Federal Criminal Trials: should a defendant take the witness stand?

October 31, 2007 by Paul Kish

A person facing a federal criminal trial often asks his or her lawyer for advice about whether to take the witness stand. A recent decision in the United States Court of Appeals for the Eleventh Circuit now provides some help to criminal defense lawyers in Florida, Georgia and Alabama, the states covered by the Eleventh Circuit. The decision in United States v. Moore helps by whittling away at the old rule which said that the defendant's testimony could fill holes in the prosecution's case even when the government failed to produce sufficient evidence of guilt.

One of the hardest questions facing lawyers who represent people accused of crimes is to give advice about whether the defendant should testify in his or her defense. My firm, Kish & Lietz, helps clients with this difficult decision in every case we handle. This decision is especially difficult when we come to the conclusion that the prosecutor's case is extremely weak. Sometime, lawyers recognize that juries will convict, even when there is virtually no evidence. For example, many jurors are so upset about drugs that people who have virtually no involvement can get swept up in a guilty verdict. However, the lawyer often figures out that he or she might win the case on appeal by arguing what we call "insufficiency of the evidence." An appellate court is much less likely to get swept up in the emotion of a trial, and can weigh the sufficiency of the evidence more objectively.

However, for many years, the Eleventh Circuit issued a series of decisions which say that even when the prosecutor did not present sufficient evidence, the lack of evidence could be "fixed" if the defendant took the witness stand. The theory behind this rule was that by convicting the defendant who testified, the jury must have decided that the defendant was lieing, and these lies could form affirmative evidence that would fill the holes in the otherwise insufficient prosecution case. This is a truly unfair rule.

Under the Federal Rules of Criminal Procedure, a defendant can ask the trial judge to throw out a case at the point when the prosecutor finishes up his evidence. We lawyers call this a request for a "judgment of acquittal." A 1994 change allowed the judge to hold off on this decision until the defense lawyer finishes putting up his or her case. However, the old rule in which the defendant's testimony could fill the holes in the prosecutor's case placed defense attorneys in a bad spot when a judge decided to postpone making a decision about the judgment of acquittal until the close of all the evidence.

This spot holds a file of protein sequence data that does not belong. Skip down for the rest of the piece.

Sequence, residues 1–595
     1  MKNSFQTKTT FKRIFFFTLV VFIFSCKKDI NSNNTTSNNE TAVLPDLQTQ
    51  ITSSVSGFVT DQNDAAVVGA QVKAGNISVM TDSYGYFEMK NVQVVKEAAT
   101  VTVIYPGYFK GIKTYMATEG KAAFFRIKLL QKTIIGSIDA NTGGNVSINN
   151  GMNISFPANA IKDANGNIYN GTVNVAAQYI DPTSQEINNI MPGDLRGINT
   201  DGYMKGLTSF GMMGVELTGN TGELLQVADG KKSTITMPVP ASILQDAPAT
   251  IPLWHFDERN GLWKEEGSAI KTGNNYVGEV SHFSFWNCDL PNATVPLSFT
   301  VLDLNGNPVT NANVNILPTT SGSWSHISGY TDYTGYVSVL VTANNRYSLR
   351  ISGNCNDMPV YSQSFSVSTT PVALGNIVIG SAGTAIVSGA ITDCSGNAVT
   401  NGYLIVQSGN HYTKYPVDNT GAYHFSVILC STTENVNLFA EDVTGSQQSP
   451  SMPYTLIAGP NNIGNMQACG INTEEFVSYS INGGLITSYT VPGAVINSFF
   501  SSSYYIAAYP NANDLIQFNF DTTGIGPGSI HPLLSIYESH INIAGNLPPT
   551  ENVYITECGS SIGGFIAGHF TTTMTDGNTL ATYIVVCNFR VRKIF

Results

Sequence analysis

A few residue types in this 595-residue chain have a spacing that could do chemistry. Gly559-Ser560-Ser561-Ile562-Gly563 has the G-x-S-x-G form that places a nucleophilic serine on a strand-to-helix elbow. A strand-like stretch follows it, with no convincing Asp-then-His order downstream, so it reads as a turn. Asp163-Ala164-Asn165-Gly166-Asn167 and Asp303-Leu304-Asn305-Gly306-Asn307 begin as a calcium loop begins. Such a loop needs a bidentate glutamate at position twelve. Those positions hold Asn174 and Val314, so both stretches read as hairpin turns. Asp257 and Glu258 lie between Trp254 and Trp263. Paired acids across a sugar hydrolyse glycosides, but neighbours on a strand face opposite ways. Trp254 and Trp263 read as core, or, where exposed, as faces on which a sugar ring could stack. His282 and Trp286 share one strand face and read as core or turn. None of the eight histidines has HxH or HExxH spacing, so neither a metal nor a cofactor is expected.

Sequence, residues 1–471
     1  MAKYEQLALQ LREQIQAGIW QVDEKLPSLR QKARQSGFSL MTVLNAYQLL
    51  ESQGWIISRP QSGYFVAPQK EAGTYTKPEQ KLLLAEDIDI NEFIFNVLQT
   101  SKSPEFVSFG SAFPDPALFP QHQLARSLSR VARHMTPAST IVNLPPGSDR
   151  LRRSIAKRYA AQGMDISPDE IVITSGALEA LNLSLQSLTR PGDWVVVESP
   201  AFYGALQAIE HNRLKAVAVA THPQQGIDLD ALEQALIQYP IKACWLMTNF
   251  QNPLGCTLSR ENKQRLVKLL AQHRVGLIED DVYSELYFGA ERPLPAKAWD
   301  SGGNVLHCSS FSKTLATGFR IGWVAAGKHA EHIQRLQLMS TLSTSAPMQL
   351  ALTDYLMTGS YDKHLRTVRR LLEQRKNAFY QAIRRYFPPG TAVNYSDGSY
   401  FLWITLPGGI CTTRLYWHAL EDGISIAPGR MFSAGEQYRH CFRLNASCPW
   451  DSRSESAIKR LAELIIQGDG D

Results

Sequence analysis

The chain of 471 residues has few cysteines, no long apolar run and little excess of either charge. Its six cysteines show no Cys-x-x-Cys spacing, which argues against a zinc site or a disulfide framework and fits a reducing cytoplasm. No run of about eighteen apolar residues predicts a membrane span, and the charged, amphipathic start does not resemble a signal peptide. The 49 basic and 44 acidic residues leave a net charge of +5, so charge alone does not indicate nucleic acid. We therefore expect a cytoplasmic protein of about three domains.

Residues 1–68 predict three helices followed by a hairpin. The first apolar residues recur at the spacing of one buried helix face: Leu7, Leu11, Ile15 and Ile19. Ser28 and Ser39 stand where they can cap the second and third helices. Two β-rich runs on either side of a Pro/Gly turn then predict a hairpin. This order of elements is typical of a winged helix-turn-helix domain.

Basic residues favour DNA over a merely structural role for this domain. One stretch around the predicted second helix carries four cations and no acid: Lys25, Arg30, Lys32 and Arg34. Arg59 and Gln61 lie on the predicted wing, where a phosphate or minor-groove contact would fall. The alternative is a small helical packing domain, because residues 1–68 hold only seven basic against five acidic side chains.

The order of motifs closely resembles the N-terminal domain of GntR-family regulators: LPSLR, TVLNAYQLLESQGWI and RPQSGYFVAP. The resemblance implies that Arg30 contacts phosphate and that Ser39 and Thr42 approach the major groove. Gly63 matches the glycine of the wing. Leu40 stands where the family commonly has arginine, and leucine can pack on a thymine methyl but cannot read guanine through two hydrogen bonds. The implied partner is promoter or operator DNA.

This past week, the Moore decision fixed this situation a little bit. The case says that when a judge holds off ruling on a request for a judgement of acquittal, yet the defendant is later convicted, the appellate court will look at a "snapshot" of the evidence the way it appeared when the prosecution rested its case. In other words, the defendant's decision to testify cannot be used to fix the holes in a weak prosecution when the judge reserves ruling on a request for a judgment of acquittal.

As I said, giving advice about whether our clients should testify is one of the hardest things we do. In future posts, I plan to discuss other laws that impact this crucial decision.

Federal criminal appeals; reversal of Alabama conviction for environmental crimes

October 25, 2007 by Paul Kish

We do a lot of federal criminal appeals, so I was very interested to read about yesterday's reversal of an Alabama federal conviction for environmental crimes. This case is one more example about how important it is to get a federal criminal defense attorney who not only knows the law, but keeps up with the changes.

The case comes out of the United States Court of Appeals for the Eleventh Circuit, which handles federal appeals from Georgia, Florida and Alabama. The Court of Appeals ruled that the convictions for conspiracy and violations of the Clean Water Act had to be reversed because of incorrect instructions to the jury about the meaning of the term "navigable waters."